It is entirely possible that we have now had a surfeit of American politics. As a Catholic, however freshly minted, one wonders if this is a good thing. One emerges from the experience (if one can emerge) feeling as if one had been cooped in a vat of molasses for too long—tarred, to all appearances, and artificially sweetened by thick rhetorical syrup. In an age when even monasteries and convents appear to be plugged into the Internet (I know this because I get e-mails from monks and nuns), where can you hide?
Not from the Nanny State. It may have been possible in other centuries to live without even thinking about our earthly lords and masters, happy in the belief that someone else was taking care of things above our station. But the paradox is now complete: Political freedom leads to democracy, democracy to bureaucracy, and bureaucracy to the loss of personal freedom. (That is not an argument against democracy, incidentally, which remains the “worst system except for all the others”; more a counsel of despair.)
Politics, politics: I have begun to appreciate those “swing voters”—the ones who don’t know a whole lot about what is going on around them, who would have difficulty reading a newspaper, who would have difficulty finding the United States on a map of the world, to say nothing of their polling station. They leave it to the last possible moment to decide for whom to vote and then probably blow it by pulling the wrong lever. But the beauty of it is: They will never know.
I used to despise such people, suspecting in my heart that they would vote for the other side. But it is per-haps a mark of spiritual progress that I’m beginning to suspect they are wiser than I shall ever be.
Prayer helps; prayer always helps, but of course one must pray for the right thing. In my anxieties before the U.S. election—which I sincerely believed to be the most consequential election anywhere in my lifetime—I found myself praying for George W. Bush, almost to excess. I would not myself have cared so much about him had it not been for what happened on 9/11. That event knocked a lot of frivolity out of all my political judgments.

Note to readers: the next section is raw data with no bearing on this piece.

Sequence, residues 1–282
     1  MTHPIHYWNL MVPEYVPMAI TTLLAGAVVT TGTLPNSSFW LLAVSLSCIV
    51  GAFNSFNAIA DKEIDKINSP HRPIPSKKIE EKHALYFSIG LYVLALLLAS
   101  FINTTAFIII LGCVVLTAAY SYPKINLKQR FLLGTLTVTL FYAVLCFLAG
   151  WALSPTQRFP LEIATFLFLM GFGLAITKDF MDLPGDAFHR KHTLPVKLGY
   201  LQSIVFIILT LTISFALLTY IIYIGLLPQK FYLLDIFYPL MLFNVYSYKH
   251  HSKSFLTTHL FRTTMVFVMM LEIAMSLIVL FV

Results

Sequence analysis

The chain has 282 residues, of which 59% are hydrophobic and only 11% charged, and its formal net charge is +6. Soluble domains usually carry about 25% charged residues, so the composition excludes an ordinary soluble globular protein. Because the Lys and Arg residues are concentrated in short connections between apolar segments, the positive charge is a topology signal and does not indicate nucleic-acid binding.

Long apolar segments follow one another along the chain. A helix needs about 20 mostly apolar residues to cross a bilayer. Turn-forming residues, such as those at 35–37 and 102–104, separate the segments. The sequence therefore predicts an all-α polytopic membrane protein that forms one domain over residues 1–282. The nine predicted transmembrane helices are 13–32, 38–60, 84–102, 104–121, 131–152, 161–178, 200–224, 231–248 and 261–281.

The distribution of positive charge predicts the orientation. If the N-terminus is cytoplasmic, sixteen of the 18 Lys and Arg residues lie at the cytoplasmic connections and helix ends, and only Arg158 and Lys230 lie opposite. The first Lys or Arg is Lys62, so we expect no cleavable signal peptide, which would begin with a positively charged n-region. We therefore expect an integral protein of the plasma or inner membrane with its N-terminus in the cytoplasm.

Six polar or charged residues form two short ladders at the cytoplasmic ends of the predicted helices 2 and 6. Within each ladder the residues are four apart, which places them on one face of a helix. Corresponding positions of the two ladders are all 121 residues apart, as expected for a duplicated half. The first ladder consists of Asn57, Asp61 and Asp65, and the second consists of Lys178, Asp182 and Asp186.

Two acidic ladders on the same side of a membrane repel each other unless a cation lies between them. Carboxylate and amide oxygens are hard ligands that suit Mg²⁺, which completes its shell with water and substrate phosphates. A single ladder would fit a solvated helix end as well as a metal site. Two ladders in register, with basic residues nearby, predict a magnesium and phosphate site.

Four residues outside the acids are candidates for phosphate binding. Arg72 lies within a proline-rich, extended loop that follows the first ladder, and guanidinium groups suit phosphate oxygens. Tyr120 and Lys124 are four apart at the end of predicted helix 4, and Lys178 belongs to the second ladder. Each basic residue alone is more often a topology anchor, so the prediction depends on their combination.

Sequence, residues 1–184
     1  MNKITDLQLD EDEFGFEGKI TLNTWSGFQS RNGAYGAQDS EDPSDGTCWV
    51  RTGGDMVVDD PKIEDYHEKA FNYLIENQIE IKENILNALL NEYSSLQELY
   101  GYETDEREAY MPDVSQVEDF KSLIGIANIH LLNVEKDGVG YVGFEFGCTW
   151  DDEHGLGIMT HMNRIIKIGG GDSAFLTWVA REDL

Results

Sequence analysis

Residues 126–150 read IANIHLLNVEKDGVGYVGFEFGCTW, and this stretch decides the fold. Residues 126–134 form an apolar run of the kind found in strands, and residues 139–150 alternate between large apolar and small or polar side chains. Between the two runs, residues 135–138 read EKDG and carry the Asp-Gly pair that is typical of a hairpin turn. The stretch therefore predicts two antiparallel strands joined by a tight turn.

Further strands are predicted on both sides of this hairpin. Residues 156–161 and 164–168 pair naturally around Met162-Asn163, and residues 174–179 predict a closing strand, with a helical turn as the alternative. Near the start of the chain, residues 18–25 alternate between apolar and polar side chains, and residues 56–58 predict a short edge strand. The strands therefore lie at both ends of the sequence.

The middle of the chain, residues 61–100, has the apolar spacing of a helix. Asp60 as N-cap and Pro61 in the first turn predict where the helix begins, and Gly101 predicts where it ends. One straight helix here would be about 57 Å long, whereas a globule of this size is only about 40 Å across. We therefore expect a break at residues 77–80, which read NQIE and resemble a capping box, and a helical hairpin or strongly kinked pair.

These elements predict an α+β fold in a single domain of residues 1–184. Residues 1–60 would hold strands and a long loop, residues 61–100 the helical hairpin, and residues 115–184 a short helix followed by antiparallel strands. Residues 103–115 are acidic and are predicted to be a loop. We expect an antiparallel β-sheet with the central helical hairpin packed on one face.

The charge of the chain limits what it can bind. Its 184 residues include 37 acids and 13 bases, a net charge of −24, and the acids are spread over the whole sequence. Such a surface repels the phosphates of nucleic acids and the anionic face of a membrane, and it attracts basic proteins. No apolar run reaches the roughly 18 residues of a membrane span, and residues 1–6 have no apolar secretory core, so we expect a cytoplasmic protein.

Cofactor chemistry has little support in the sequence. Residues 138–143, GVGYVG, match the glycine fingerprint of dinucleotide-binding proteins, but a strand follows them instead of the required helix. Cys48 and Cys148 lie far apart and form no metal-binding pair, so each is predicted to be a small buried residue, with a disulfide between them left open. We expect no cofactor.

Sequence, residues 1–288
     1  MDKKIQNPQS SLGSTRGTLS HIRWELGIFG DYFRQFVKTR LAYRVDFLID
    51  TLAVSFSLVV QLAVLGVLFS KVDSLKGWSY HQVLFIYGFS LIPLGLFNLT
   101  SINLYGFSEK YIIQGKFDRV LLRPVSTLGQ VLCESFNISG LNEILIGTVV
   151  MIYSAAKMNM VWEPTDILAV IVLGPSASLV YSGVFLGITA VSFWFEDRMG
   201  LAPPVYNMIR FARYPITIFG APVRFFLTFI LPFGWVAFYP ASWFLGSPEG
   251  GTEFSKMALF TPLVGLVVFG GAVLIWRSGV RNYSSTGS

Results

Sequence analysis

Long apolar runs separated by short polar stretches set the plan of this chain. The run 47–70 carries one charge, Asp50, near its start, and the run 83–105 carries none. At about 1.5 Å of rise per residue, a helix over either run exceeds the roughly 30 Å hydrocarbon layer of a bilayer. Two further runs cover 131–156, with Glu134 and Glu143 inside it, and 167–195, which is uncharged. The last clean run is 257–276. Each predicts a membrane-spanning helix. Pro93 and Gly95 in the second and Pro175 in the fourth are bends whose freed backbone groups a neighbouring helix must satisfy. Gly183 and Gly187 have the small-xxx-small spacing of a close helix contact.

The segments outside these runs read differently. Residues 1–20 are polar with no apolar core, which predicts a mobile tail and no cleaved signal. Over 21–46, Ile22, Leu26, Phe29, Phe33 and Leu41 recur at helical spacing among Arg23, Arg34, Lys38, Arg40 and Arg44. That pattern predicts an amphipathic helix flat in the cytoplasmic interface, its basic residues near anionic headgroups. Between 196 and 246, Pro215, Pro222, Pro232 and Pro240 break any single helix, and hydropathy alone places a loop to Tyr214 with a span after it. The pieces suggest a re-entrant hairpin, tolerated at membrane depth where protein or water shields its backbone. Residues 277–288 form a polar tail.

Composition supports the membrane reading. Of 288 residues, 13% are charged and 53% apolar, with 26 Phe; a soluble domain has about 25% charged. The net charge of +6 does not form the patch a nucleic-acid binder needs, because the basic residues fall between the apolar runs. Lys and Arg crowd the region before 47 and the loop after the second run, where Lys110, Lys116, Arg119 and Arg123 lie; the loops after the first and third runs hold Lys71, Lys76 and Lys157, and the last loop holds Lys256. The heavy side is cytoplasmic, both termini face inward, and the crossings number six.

But the operative expression in the Lord’s Prayer is, “Thy kingdom come, Thy will be done,” and it ap-plies to everything.
“God doesn’t require you to succeed; He only requires that you try,” in the higher platitude of Mother Teresa of Calcutta. We do what we can in the grand project of ameliorating the mess of this world. But God has His plan, and it remains above our station.
I found myself retreating to this view while retreating into the 15th century. I picked up a copy of the first volume of Commentaries by the great humanist Pope Pius II. (It is another of the little paradoxes of post-modernity that this fine scholarly translation is coming out of Harvard, which is some distance outside the Church.)
And Pius II was another who had his “9/11 moment,” not entirely different from our own. For him it was the fall of Constantinople to the Ottoman Turks in 1453. It changed his entire view of the contemporary political situation in Europe, and on his elevation to the papacy in 1458, his first act was to issue an eloquent Crusade Bull, calling upon all Christendom to link arms against the Islamic advance.
He died, in 1464, at Ancona where, though old and ill, he had gone personally to lead the Christian forces and shame the uncooperative rulers of Europe (especially the maneuvering Louis XI of France). At what was meant to be a grand rendezvous of Christian forces, he found a few faithful straggling Hungarian soldiers, and then some proud but tattered Venetian galleys came into view. The cause was hopeless. But he tried.